Saturday, January 19, 2008

Exam anxiety

Taking comps is traumatic, so you're only going to get one post on the topic, or you'll feel as queasy as I do.

The way the econ comp works is that a week before the exam you are given a specific article on the economics of education. At that point, the goal is to study it in great depth. You look for everything you don't understand and figure it out, look for holes that could change their findings, and try to guess what questions will be asked.

The exam itself was 7 questions, three of which were multi-part. We had an hour. This makes sense, in a way, because in the first exam, we had three hours to cover three subjects, although I allocated a more than proportional time to econ that time around. We actually ended up with about 10 extra minutes this time.

The first four questions I felt pretty solid on, but I've learned that I am less able to trust my perceptions when it comes to econ than to other topics. Back at IUPUI, I was sure I had flunked our first test in the microeconomics class. I was certain! And then I got it back, and I don't remember the exact grade, but it was at least a B, so nowhere near flunking. And after the comps first time around, I wasn't confident about my econ performance, but this time my uneasiness was right.

I skipped to question 7, then. Six and 7 were "what-if" scenarios. I think if there was an area our studying was weak on, this was it. We were so focused on understanding every footnote and every table that we didn't think, "OK, what scenarios could make their findings invalid?" And we've been through Dr. Ballou's stuff before, so we should have anticipated it. Then again, the possibilities for that sort of thing are infinite, right?

Then I went back to question 5, and just as I was working into it, we were told we had 10 minutes left. I ended up spending three minutes on the last question, and I can tell you that was a flub - I only had time for gut reactions with no explanations. I never run out of time on tests, even when I do badly, but all three of us worked up to the last second. One would expect, of course, that those of us who are poorer at the subject would take longer, but I'm not entirely sure it was just us versus the length of the test. (As there was no control group of highly economically competent grad students, this is just conjecture.)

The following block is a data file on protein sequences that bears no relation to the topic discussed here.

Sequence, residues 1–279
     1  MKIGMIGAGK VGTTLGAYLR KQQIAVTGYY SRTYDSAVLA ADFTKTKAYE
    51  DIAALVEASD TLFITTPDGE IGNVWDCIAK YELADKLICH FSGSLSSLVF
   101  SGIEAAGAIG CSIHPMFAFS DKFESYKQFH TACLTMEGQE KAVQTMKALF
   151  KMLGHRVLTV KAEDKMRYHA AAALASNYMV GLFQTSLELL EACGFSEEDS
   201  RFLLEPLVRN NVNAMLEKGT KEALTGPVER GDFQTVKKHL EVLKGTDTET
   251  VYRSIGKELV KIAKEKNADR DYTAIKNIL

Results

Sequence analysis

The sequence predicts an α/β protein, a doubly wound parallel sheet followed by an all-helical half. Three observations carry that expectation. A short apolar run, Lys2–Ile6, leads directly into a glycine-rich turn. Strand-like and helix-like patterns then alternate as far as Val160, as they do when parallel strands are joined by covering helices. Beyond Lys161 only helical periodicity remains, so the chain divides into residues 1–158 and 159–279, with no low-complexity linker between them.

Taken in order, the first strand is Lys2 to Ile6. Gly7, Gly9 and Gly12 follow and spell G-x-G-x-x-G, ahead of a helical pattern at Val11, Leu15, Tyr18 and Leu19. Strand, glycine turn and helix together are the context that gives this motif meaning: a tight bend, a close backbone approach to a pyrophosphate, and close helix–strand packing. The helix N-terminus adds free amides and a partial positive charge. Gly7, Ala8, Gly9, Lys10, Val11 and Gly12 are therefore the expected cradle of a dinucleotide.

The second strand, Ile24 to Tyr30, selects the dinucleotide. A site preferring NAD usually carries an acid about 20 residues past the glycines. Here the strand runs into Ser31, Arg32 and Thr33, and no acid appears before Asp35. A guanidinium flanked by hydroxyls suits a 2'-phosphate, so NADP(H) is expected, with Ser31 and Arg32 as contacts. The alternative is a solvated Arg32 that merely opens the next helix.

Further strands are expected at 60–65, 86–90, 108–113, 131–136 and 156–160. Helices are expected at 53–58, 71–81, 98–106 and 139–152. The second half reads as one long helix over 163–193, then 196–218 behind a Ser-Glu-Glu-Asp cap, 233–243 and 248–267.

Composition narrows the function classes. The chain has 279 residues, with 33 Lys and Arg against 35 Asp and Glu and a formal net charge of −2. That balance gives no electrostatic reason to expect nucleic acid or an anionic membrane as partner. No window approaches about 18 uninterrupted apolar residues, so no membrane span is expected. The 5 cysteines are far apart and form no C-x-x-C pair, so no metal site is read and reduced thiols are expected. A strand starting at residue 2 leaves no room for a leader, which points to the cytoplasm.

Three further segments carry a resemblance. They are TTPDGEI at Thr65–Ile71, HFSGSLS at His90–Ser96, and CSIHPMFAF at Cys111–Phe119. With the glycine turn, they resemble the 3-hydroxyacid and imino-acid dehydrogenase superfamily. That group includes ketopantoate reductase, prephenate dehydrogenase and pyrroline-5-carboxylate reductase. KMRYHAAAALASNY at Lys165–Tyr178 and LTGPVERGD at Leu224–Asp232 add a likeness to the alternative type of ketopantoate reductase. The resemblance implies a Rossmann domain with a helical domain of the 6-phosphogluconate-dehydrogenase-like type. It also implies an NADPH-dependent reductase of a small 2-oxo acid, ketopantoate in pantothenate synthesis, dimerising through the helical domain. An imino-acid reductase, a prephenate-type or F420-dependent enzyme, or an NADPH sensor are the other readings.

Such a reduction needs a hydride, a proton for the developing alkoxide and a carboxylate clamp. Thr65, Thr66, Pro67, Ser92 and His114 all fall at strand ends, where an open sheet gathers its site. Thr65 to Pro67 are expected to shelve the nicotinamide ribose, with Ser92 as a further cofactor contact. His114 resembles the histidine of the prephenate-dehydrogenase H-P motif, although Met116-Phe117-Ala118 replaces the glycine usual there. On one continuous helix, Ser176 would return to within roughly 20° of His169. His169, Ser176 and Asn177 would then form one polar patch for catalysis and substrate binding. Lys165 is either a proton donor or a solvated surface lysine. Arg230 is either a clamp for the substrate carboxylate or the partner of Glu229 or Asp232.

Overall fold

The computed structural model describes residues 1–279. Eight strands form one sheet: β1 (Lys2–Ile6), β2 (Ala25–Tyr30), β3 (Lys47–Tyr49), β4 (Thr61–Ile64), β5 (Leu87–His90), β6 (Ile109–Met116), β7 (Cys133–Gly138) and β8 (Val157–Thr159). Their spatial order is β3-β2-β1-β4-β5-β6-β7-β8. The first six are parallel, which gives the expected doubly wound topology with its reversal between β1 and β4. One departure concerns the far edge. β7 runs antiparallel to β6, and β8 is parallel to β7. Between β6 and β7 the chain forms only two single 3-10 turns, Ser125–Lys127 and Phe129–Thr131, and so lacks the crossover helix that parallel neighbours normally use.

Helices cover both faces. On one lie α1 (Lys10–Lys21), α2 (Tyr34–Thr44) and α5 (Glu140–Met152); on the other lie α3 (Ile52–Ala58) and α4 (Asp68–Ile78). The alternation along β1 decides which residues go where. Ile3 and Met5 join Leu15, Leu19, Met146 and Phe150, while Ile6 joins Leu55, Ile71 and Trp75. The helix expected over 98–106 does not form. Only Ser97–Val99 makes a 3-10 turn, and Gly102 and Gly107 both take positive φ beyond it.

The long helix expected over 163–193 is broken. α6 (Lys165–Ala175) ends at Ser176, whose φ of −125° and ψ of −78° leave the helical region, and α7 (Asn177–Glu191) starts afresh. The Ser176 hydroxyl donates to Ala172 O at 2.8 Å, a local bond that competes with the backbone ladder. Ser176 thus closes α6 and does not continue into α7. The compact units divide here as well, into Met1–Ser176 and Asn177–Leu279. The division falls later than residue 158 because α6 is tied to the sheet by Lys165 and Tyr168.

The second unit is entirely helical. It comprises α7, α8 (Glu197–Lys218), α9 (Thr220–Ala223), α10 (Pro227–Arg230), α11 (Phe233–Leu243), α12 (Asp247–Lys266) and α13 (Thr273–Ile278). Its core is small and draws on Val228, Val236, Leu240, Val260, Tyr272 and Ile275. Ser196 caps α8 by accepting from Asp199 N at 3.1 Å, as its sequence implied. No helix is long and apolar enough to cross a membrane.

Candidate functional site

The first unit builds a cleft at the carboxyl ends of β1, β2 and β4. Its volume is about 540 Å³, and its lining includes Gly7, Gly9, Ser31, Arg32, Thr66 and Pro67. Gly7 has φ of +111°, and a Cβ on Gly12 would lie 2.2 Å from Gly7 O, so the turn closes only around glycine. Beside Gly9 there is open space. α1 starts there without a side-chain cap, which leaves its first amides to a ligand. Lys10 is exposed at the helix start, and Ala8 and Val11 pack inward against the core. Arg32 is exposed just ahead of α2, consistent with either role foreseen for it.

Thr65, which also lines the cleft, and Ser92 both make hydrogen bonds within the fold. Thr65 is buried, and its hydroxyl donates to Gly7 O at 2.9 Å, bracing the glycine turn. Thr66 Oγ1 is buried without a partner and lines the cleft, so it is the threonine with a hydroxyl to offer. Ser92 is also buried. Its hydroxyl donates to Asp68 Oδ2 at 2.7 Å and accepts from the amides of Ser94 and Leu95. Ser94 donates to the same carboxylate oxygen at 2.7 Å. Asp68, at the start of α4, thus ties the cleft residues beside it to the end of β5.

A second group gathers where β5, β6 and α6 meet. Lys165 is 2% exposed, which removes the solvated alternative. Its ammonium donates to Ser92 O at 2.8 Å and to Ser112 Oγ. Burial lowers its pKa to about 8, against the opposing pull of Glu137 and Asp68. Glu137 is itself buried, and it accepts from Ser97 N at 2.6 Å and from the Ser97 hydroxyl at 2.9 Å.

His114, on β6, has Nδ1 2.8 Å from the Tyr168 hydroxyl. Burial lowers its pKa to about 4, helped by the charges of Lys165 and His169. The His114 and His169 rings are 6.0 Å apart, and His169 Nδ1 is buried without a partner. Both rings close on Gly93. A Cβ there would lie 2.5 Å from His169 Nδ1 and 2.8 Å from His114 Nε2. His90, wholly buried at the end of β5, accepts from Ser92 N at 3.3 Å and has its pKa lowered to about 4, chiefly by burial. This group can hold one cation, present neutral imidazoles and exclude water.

So now the tests have to be scored. A 1 is a flunk, and 2-4 pass. It's entirely likely that Dr. Ballou has already marked them, but he has blind copies, so he wouldn't be able to tell us how we did. (Unless we all passed, right? So that means we probably didn't.) If a test gets a 1, it goes to a second reader. Judging from last time around, the second reader is unlikely to give it a different score. My two fellow test-takers also had to retake the methods exam, and it's possible they won't tell any of us anything officially until all results are in.

And now, we wait.

7 comments:

Rebecca said...

This is interesting to me. I am also in ed policy and trying to figure out the best format for my comps. Yes, read that again; I'm supposed to decide and negotiate it with my chair. My department sees everything from portfolios and "your diss proposal passed so that's your comps" to "answer these 3 questions that can be about ANYTHING covered since you started taking questions" either timed (easier grading) or untimed/ take-home (harsh grading).

I would almost prefer your style. There is some structure to it and something to focus my study on. Yes, it sums up what I've learned in the past few years and displays my expertise, but it does so without being this huge wide-open thing where I don't know what the questions will be like.

Of course, I'd actually prefer the portfolio/diss proposal route. Portfolios allow me to show that I can publish (either with someone or alone) while the proposal (first 3 chapters of the diss) includes dealing with contextualizing and the literature review for the subject I will focus on. Both strike me as more useful.